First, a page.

2022 Red Bull Goni Pony Rally

Goni Pony, the Rave

The AfterpartyAll day we heard persistently loud music, and it was only when we were walking to dinner (our bus ride cut off by the bike route) that we located its source. The Pony expressers may have had to pedal their single gear bikes up to the highest peak in the Julian Alps, but they were still ready to party.  Below is a video that Tracy made of the festivites as we returned from dinner.

Dining Slovenian Style at Bunarica Kosobrin
Bunarica Kosobrin ExteriorInside the RestaurantSaturday evening we dined at Bunarica Kosobrin, which offers traditional Slovenian fare. For us, this turned out to be a dried sausage appetizer, followed by two soups. One was a cabbage soup with sausage and the other a stew with veal, both delicious. The soups were served buffet style and we were each brought a bowl of buckwheat laced with pieces of bacon. (Apparently cardiologist do not dine here) And, for desert, (as if we needed it) there was a blueberry strudel with ice cream. The entire repast is shown below.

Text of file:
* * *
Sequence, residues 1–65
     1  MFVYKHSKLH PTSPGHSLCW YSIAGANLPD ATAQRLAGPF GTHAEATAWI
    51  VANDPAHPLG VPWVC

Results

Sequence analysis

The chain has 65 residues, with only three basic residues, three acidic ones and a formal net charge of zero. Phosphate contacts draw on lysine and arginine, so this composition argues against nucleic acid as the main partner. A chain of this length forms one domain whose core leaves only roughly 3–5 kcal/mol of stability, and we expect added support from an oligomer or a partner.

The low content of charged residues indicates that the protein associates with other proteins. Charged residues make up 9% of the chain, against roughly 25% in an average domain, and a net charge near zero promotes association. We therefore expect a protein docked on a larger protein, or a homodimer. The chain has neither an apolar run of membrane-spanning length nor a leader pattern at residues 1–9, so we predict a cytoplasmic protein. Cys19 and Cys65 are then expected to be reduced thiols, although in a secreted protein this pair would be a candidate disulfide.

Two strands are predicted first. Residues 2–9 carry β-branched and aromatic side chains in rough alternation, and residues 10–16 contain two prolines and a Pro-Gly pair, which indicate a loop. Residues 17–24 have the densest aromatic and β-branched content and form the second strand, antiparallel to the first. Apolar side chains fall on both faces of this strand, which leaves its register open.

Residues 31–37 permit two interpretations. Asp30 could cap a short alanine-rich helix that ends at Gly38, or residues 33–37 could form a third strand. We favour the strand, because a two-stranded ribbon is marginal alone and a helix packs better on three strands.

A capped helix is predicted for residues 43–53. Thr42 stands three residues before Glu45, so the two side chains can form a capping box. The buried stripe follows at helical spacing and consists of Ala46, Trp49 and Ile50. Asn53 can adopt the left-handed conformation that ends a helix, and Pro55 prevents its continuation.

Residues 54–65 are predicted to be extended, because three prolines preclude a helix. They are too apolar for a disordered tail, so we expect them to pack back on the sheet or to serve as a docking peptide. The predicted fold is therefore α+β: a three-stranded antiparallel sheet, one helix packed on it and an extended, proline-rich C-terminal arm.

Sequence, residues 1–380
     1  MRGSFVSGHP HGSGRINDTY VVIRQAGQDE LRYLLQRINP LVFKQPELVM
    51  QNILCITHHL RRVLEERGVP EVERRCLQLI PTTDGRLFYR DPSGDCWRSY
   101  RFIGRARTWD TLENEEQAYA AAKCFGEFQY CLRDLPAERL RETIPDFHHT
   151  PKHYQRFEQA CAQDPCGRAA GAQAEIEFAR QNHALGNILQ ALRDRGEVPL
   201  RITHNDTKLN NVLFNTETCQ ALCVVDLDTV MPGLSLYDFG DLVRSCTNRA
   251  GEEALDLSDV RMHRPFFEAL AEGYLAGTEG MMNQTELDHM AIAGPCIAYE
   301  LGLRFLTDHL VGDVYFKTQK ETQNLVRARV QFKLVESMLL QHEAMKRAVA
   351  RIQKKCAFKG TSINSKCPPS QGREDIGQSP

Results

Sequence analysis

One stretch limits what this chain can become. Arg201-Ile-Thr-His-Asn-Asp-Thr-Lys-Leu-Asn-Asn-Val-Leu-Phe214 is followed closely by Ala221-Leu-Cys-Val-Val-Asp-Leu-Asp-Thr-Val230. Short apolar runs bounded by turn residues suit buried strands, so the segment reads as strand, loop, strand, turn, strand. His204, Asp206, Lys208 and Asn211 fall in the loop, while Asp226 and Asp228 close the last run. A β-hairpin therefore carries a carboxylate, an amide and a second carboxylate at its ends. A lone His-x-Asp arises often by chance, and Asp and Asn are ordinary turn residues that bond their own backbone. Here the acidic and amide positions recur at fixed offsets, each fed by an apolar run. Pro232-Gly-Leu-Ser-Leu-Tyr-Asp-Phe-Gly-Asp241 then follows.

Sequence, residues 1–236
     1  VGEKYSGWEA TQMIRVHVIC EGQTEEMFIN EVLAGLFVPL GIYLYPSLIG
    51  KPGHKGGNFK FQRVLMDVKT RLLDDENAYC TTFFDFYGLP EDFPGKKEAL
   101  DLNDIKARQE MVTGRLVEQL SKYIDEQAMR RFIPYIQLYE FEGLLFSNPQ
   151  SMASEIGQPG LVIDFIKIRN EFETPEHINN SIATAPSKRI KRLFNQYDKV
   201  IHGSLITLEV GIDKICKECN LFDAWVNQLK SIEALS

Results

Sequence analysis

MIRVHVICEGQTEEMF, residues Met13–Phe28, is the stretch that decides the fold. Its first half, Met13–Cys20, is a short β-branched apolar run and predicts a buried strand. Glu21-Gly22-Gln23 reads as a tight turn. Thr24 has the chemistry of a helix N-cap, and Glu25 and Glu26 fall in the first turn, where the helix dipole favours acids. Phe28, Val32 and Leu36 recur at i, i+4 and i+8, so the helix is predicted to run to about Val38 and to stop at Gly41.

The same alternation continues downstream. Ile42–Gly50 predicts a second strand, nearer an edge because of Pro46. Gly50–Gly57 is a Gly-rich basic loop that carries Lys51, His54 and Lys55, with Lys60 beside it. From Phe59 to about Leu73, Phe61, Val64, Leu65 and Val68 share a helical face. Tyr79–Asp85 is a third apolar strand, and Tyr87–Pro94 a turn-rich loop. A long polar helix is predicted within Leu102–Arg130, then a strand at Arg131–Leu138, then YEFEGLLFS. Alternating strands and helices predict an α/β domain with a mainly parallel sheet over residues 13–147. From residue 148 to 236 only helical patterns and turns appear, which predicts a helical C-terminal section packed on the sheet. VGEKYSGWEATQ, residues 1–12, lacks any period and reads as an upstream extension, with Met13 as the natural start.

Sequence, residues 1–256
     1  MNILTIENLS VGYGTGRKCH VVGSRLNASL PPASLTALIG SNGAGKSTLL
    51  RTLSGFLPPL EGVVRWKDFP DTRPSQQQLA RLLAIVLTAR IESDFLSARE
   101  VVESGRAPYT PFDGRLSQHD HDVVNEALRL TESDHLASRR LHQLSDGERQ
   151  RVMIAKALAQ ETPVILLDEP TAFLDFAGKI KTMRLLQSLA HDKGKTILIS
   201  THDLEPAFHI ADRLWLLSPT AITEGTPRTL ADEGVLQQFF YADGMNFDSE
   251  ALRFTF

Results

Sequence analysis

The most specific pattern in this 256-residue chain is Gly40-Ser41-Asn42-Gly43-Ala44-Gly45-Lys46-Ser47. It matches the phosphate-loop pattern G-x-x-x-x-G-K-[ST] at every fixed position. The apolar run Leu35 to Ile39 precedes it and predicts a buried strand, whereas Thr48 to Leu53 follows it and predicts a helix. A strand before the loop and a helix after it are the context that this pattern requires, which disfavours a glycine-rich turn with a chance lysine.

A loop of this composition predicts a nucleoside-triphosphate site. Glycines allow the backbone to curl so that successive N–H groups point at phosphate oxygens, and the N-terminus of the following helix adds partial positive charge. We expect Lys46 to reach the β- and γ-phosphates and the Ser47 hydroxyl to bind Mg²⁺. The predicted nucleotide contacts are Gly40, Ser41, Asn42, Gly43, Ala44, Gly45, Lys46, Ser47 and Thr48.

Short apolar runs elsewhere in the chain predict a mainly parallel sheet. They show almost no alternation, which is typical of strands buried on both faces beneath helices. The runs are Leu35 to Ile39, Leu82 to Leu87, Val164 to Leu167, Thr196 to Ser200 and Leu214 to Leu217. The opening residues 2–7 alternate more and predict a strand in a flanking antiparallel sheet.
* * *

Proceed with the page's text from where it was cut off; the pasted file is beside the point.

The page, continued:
Cabbage Soup
Veal Stew
Blueberry Strudel
Dried Sausages
Cabbage Soup with Sausage
Buckwheat with Bacon
Veal Stew

Jazero Jasna
Jazero JasnaTracy on the BenchOn Sunday morning as Dale recovered from probably way too much meat at last night's meal, Tracy took a walk to Jazero Jasna, a nearby lake. This lake consists of two interconnected artificial lakes at the junction of the Velika Pisnica and Mala Pisnica streams. It is enroute to Vrsic, the end point of the bike rally the previous day. Although peaceful when she visited, it is a very busy area with swimming, diving, kayaking, and sunbathing all attracting large crowds in warm weather. For quiet mornings, there is a trail around the lake. Below is a brief video tour of the two lakes by Mateja Travel and Outdoors
Jazero Jasna

On Sunday morning we said goodbye to our first and only Alpine adventure and headed back to Zagreb.